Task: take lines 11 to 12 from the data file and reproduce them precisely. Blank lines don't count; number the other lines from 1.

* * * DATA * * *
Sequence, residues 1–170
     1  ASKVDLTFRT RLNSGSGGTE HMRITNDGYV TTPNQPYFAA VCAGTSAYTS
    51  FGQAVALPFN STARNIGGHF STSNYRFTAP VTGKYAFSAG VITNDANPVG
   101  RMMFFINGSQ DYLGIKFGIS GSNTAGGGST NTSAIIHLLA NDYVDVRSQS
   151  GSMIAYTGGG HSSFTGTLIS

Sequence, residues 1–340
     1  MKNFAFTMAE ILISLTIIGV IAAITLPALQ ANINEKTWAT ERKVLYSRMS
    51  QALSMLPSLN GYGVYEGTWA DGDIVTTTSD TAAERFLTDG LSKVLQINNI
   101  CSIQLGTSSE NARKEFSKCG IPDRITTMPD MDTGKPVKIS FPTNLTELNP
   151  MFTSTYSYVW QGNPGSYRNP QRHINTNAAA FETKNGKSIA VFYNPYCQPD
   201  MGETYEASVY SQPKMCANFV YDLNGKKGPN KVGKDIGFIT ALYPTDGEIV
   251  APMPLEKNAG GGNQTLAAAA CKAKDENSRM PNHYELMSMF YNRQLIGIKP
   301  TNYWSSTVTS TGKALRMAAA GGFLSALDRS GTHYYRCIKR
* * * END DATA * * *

   201  MGETYEASVY SQPKMCANFV YDLNGKKGPN KVGKDIGFIT ALYPTDGEIV
   251  APMPLEKNAG GGNQTLAAAA CKAKDENSRM PNHYELMSMF YNRQLIGIKP